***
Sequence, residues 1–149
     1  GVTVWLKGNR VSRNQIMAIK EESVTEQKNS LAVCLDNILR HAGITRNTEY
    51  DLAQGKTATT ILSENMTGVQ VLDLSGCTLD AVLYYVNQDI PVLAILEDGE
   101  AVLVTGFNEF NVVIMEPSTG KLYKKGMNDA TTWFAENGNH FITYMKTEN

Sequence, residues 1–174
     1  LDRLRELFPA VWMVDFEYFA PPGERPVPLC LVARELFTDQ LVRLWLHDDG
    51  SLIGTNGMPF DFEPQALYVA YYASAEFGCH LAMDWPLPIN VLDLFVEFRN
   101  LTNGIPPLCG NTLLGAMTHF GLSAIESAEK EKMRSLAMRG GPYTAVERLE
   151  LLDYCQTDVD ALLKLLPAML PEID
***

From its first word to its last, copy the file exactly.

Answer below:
Sequence, residues 1–149
     1  GVTVWLKGNR VSRNQIMAIK EESVTEQKNS LAVCLDNILR HAGITRNTEY
    51  DLAQGKTATT ILSENMTGVQ VLDLSGCTLD AVLYYVNQDI PVLAILEDGE
   101  AVLVTGFNEF NVVIMEPSTG KLYKKGMNDA TTWFAENGNH FITYMKTEN

Sequence, residues 1–174
     1  LDRLRELFPA VWMVDFEYFA PPGERPVPLC LVARELFTDQ LVRLWLHDDG
    51  SLIGTNGMPF DFEPQALYVA YYASAEFGCH LAMDWPLPIN VLDLFVEFRN
   101  LTNGIPPLCG NTLLGAMTHF GLSAIESAEK EKMRSLAMRG GPYTAVERLE
   151  LLDYCQTDVD ALLKLLPAML PEID